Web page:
Shortly after the ascension of our Lord and after the descent of the Holy Spirit at Pentecost, Mary Magdalene received the strong desire to go to Rome to expose the unjust actions of the Governor Pilate and the High Priests Annas and Caiaphas. She obtained permission from the Theotokos [the Mother of Jesus] and booked a sailing vessel for Rome. Once in Rome she went immediately to the palace of Caesar. There she was initially refused but as she was about to depart up came a high ranking official Puplius who was very familiar with the situation. He showed her a letter that he wrote to Caesar.
In part it read,

‘The truth be told, there are some astonishing things concerning this Christ. Miracles abound. He raises the dead and heals the sick with but a word. He is a man of average height, handsome of countenance with an air of majesty. Those that encounter him are enjoined either to love him or fear him. His hair is the color of walnut, which extends to his shoulders and glistens. He belongs to the group known as Nazarenes. His forehead is smooth and calm. His face is without wrinkles or blemishes. His nose and lips are regular. His beard is dense and the same color as his hair. It is not long, but it separates in two at the middle. He has a serious look that can excite fear. He possesses a power like a ray of the sun...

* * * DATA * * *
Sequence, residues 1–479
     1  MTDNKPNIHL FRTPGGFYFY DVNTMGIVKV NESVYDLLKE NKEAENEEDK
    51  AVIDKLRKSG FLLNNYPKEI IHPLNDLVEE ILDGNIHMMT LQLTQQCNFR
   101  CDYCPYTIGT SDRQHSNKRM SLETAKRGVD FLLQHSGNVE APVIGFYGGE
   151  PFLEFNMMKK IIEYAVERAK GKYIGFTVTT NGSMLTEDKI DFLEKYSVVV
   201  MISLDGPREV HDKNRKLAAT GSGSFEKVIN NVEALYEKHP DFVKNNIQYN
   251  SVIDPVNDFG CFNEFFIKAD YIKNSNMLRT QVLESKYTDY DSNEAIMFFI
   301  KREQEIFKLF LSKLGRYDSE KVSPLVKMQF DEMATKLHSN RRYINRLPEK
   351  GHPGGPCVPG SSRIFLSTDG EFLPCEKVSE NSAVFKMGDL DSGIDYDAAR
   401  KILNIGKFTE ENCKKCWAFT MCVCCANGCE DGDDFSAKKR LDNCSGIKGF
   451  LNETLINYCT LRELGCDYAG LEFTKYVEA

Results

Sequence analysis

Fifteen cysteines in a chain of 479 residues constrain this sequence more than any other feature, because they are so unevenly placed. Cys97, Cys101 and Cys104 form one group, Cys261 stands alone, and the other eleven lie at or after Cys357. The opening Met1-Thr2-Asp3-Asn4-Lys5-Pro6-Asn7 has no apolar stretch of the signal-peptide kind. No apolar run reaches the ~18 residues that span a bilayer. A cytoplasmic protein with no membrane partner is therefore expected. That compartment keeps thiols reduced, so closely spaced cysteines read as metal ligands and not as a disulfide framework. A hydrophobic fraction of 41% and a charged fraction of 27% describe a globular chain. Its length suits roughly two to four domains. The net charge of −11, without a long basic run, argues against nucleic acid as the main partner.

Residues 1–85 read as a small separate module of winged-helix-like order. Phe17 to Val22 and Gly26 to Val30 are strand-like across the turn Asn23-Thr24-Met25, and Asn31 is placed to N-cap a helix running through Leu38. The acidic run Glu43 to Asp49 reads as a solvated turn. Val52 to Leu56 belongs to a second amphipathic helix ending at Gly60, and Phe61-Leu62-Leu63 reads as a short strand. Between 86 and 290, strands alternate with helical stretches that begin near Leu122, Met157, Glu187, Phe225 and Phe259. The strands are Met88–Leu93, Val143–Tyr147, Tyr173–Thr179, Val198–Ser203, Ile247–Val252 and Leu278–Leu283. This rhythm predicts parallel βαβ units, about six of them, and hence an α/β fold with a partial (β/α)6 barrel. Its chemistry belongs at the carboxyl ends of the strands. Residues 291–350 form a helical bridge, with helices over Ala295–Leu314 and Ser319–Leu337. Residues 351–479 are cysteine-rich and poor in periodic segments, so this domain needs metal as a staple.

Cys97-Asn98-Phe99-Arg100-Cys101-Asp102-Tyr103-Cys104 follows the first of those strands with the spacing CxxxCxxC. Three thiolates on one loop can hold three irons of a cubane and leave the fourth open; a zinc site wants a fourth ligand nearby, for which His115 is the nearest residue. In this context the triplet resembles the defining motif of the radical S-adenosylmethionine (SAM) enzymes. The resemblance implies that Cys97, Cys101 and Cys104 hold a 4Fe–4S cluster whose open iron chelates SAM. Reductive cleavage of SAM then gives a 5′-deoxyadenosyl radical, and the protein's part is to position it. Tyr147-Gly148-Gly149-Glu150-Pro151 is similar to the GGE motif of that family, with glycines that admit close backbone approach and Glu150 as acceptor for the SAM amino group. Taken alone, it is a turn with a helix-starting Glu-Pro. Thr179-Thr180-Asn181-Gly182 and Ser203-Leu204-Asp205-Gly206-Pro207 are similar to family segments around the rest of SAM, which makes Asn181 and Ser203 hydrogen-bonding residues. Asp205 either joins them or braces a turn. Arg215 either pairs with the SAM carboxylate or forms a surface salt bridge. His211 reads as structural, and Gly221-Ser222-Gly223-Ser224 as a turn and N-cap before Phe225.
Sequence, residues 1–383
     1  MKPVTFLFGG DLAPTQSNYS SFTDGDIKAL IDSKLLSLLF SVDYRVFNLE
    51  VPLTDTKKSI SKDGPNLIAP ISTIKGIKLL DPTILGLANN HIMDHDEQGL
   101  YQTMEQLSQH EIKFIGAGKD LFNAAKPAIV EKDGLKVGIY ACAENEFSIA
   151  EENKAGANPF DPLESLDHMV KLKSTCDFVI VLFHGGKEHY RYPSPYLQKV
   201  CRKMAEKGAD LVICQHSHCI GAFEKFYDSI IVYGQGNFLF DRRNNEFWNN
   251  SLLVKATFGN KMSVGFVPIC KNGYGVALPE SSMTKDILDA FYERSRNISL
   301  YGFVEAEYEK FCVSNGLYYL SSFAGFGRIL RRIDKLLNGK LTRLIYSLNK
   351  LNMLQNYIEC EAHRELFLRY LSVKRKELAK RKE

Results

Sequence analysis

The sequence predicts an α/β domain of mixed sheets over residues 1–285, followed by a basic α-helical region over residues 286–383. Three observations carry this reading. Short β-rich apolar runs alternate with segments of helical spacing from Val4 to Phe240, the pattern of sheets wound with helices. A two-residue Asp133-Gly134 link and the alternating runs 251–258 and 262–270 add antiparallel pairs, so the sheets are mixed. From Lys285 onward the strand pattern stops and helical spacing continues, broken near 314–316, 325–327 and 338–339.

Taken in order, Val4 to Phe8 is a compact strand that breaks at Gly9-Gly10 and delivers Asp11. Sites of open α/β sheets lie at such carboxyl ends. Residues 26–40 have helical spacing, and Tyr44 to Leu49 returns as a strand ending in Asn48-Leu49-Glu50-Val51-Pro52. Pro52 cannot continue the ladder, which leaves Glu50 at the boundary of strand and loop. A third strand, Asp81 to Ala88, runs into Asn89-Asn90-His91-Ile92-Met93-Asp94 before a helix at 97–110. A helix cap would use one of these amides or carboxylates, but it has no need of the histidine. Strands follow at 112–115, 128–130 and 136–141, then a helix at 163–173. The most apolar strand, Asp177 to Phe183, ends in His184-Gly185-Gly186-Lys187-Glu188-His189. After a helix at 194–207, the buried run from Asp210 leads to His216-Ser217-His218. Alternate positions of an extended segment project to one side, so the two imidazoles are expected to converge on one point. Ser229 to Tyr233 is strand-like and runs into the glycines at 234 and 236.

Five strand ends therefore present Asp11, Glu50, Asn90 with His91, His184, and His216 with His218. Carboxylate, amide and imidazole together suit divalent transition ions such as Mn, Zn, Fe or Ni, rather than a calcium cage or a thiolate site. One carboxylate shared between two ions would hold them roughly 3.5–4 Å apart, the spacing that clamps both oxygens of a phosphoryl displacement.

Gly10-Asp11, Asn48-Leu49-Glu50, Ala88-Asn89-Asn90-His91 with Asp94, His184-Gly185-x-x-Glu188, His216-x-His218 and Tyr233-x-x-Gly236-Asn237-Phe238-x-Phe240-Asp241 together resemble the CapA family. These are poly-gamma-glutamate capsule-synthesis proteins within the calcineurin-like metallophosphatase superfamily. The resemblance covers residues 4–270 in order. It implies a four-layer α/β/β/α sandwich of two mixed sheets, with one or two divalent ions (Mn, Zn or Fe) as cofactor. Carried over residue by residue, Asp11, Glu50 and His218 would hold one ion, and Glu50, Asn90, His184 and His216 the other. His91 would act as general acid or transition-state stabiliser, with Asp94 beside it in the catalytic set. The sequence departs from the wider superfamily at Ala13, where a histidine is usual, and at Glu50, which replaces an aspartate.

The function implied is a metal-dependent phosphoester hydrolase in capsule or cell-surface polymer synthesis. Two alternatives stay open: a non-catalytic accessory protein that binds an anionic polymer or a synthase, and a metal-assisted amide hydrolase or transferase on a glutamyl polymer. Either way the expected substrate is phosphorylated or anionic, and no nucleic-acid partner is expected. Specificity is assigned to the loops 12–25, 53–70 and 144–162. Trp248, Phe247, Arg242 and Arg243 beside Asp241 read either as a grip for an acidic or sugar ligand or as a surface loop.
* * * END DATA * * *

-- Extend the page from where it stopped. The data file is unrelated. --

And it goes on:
‘His manner of addressing is pleasing...

‘He often walks barefooted and without a head covering. Some laugh at him, while others tremble in his presence from their astonishment. He never preaches anything to promote himself in the world...

‘This Christ has never urged anyone to do anything displeasing, but rather he exhorts the people to perform good deeds…’


His knowledge of the situation led Mary to tears. He told her that Caesar had received his letter and that even Caesar respected Jesus.